Can't get any bigger for Pack versus Vikings
It happens twice a season and no matter the records, it's a big game.
So Sunday's NFC North Division tilt between the Minnesota Vikings and Green Bay Packers will have more than just a rivalry tag on it when they kickoff at 3:25 p.m. at the Mall of America Field inside the Metrodome.
This is a long going emotional rivalry which has endured some huge games.
But this one ranges in the magnitude of the 2005 Wildcard game in Lambeau Field, where the Vikings pulled the 31-17 upset of the then Brett Favre-led Packers, but was overshadowed by then Vikes' wide receiver Randy Moss' mooning of the crowd after a 31-yard touchdown reception.
Vikes' fans can only hope for a repeated success Sunday, since its their team's unexpected playoffs hopes which are riding on it.
It's simple, if the Vikings win, they are in the playoffs as the No. 6 seed.
It's a notion which was thought impossible in late August when the Vikings were breaking training camp.
Coming off a historical worst 3-13 season, which tied the ugly Les Steckel season in the mid-1980's, the Vikings were looked to be in full rebuilding mode.
They were going to go with their second-year quarterback Christian Ponder as an evaluation season, while their best player running back Adrian Peterson was coming off a devastating ACL and LCL tear in the second to last game of the 2011 season.
The defense looked to be in evaluation mode, as well, with the unit looking to a few rookies needing to contribute and not to mention, depending on rookie Blair Walsh holding down the kicking duties.
What has happened over the course of the last 16 weeks has been short of a miracle in football terms.
Peterson not only showed he recovered in super-human time from his knee injury, he looked more motivated and even dare say it -- better -- then his previous five seasons.
He is on the cusp of breaking Eric Dickerson's single-season rushing record of 2,106, as Peterson leads the NFL with 1,898 yards, a full 408 yards ahead of second-place Marshawn Lynch of Seattle.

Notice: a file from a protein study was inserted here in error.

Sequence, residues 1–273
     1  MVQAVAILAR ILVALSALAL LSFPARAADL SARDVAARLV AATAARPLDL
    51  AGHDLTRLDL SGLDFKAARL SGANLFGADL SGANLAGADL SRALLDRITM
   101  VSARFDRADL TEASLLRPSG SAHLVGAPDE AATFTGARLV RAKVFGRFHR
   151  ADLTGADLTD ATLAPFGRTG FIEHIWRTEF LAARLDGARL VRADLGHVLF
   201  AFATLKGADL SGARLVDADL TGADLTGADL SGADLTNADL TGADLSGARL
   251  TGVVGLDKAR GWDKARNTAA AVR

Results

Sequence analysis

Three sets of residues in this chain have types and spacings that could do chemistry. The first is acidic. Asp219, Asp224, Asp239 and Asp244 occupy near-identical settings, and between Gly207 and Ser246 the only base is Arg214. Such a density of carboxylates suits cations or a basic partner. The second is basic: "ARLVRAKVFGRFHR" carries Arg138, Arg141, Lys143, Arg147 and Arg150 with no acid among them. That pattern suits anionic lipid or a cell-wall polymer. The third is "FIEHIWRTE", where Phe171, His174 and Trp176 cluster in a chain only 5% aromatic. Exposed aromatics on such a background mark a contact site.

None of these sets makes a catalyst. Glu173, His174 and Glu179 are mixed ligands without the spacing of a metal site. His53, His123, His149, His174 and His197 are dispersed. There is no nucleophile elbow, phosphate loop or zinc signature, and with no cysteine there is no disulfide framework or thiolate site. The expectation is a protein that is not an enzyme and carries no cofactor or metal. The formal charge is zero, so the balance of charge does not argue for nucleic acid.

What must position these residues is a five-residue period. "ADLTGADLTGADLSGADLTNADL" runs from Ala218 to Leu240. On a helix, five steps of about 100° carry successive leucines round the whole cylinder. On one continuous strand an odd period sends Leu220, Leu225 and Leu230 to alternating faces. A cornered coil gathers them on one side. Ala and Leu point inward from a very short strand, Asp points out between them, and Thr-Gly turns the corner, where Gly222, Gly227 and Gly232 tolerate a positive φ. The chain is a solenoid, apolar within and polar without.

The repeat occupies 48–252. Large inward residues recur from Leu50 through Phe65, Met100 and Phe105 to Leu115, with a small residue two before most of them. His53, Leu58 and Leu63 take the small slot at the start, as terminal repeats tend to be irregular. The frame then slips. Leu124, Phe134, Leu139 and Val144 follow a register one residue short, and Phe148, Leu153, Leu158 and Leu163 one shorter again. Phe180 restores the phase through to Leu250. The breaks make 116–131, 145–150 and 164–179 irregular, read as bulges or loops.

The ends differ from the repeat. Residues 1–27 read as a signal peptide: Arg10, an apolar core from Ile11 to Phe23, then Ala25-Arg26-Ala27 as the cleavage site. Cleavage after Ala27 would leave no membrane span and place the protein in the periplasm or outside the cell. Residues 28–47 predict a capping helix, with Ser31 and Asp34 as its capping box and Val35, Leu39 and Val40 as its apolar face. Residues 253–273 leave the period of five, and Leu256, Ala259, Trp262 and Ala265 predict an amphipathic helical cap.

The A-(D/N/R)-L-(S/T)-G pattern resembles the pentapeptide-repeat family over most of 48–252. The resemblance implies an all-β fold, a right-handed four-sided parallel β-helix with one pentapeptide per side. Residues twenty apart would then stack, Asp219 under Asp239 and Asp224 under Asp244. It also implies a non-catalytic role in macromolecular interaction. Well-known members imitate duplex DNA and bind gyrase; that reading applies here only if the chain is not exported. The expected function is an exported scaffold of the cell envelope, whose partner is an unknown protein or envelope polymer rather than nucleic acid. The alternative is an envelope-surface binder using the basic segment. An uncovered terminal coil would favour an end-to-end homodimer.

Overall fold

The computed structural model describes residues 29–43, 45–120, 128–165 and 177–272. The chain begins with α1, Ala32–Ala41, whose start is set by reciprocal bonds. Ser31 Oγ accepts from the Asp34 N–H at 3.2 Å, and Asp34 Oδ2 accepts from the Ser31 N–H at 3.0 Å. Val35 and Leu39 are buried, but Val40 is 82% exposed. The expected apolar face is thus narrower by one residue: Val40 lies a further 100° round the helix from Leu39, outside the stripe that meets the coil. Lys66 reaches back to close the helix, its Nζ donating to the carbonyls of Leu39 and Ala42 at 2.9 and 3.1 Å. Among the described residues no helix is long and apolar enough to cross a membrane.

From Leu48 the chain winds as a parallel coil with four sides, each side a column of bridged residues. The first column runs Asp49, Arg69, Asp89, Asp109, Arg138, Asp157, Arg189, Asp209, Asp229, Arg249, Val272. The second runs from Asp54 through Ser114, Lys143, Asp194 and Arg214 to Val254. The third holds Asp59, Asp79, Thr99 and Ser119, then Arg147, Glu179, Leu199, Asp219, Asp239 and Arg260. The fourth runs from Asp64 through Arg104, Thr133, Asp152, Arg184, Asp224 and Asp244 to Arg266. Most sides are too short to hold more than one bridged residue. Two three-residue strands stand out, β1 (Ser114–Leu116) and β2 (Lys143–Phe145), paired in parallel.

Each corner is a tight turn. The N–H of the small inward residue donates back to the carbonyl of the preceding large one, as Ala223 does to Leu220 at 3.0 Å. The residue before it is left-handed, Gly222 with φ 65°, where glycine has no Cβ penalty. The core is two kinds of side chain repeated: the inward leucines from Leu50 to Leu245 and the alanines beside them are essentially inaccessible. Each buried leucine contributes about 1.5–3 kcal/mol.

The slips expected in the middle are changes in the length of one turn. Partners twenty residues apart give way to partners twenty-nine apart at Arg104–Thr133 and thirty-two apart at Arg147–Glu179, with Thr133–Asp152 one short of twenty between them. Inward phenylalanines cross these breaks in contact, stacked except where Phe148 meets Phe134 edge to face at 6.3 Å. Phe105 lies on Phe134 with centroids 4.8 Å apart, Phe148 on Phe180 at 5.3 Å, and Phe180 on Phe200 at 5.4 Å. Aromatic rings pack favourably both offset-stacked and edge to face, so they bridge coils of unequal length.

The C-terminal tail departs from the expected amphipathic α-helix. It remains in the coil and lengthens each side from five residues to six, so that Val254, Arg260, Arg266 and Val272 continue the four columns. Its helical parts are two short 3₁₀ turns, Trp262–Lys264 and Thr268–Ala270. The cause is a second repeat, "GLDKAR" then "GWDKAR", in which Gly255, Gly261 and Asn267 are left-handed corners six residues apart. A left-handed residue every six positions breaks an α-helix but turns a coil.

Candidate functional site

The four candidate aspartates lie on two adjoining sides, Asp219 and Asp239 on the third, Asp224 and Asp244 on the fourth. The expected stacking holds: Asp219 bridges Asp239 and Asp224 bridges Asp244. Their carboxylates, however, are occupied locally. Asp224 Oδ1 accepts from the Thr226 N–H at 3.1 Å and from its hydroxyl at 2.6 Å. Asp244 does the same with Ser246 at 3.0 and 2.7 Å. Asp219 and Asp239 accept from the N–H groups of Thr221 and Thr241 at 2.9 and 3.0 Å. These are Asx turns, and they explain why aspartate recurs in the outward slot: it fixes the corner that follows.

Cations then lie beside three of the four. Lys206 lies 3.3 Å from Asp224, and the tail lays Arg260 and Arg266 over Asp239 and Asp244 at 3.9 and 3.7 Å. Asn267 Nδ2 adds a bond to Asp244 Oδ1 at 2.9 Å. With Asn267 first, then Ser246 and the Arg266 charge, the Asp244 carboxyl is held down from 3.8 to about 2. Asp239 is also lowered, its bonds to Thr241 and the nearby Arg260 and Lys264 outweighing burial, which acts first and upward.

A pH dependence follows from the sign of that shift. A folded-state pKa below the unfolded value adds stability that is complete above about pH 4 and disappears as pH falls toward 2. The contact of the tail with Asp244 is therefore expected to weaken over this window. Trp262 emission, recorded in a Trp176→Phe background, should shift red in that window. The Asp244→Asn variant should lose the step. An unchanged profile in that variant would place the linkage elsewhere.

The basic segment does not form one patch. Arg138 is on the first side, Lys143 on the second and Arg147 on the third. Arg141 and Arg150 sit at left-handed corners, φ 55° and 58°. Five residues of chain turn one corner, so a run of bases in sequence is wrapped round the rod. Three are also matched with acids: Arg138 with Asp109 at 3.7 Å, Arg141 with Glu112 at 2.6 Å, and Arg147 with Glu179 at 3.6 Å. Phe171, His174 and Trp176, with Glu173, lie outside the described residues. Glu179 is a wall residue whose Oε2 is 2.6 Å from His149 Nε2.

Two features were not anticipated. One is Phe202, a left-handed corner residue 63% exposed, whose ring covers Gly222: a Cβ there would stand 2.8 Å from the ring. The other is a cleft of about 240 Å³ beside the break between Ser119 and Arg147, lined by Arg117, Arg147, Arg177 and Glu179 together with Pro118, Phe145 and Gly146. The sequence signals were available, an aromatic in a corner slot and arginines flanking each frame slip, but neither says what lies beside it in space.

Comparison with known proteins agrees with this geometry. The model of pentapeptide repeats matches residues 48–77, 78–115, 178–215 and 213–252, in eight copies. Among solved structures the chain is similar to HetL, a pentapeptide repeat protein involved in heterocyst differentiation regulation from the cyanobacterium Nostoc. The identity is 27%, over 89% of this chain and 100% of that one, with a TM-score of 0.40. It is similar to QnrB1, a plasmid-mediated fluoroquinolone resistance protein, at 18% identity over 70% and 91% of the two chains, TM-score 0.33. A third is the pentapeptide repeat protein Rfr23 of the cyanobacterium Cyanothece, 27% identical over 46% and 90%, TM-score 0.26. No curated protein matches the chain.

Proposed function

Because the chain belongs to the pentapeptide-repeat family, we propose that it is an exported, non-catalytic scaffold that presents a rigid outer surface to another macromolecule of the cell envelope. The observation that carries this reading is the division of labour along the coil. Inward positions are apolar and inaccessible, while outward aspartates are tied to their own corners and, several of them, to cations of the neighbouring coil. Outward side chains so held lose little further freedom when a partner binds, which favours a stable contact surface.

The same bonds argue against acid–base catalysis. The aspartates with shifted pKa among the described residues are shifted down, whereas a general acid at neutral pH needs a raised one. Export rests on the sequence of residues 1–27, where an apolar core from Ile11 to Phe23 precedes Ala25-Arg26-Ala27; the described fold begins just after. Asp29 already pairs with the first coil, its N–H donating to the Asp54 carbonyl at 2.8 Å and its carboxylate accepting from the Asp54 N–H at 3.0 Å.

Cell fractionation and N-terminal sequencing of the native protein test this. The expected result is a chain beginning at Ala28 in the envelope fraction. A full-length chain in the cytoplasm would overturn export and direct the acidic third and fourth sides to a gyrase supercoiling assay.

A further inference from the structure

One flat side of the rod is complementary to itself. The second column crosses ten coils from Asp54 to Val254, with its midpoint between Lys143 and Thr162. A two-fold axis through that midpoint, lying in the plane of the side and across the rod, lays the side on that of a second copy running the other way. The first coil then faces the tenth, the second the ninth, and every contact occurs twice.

Here are just a few very unexpected outcomes, besides Peterson's fabulous season, which will have come out of a remarkable Vikings' season:
If the Vikings win Sunday, they will break the biggest one-season turnaround of seven wins, going from three to 10 wins. The previous mark, in which they already have tied, was from the 1997 nine-win team to the 1998 15-win one.
The 2012 rookie class for the Vikings has probably contributed the most than any other team in the NFL. Consider left tackle Matt Kalil already being dubbed a top 10 player at his position and Walsh breaking the NFL record of nine consecutive makes from 50-plus yards, while missing only three field goal attempts all season.
Safety Harrison Smith has also shown the ability to be a dominant tackler/hitter, while being solid in pass defense, becoming one of the main cogs in the secondary.
Add in the solid contributions from cornerback Josh Robinson, H-back/tight end Rhett Ellison for his blocking skills and the late emergence of Jarius Wright to a ho-hum wide receiving corp. and this rookie class has the chance to be the best-ever in team history.
Just the talk of playoffs is mind boggling in itself. Heading into the season, head coach Leslie Frazier was looked upon to be on the hotseat after a miserable 3-13 season.
Now, he's in the mix for NFL Coach of the Year, and deservedly so.
His hopes of a winning season looked as if they depended on the progress of Ponder, but with some stingy defense and the rushing of Peterson, that ended up not being so.
Lucky for Frazier, too.
Ponder has shown some of the promise of becoming the QB of the future, but there have been too many stretches of bad play, which have directly led to crucial losses.
But Ponder has salvaged his chances of holding onto that "future" tag with three consecutive good weeks of play, which in the end, have put the Vikings thick in the playoff hunt.
Now back to Sunday's affair in the Metrodome.
With the Vikings' playoff hopes riding on a win and Peterson's run for NFL history, don't think the Packers are playing for nothing.
If they win, they have the right to the No. 2 seed in the NFC playoffs, thus gaining a bye through the first round.
It's a nice carrot to chase, but in reality, not the end all for Green Bay.
They have already proven playing through the Wildcard round isn't so bad after winning it all two years ago.
On the other hand, their 15-1 season went for naught last year. That was when the New York Giants blew the Packers off the frozen tundra, thus making it the first 15-1 team to lose in the Divisional round.
So the Vikings have plenty working for them. First, it's at home, where they are 6-1.
Second, if Minnesota can control play and build a multiple possession lead, the Packers may mail it in and play it safe for the playoffs.
Which ironically, might be the Vikings at Lambeau Field for the first round of the playoffs, since Minnesota will be No. 6 and the Packers No. 3. It would be only the second time the two teams have met in the playoffs.
The first being, of course, the Moon Over Lambeau.
But first things first for the Vikings -- win the next big one against the Packers Sunday.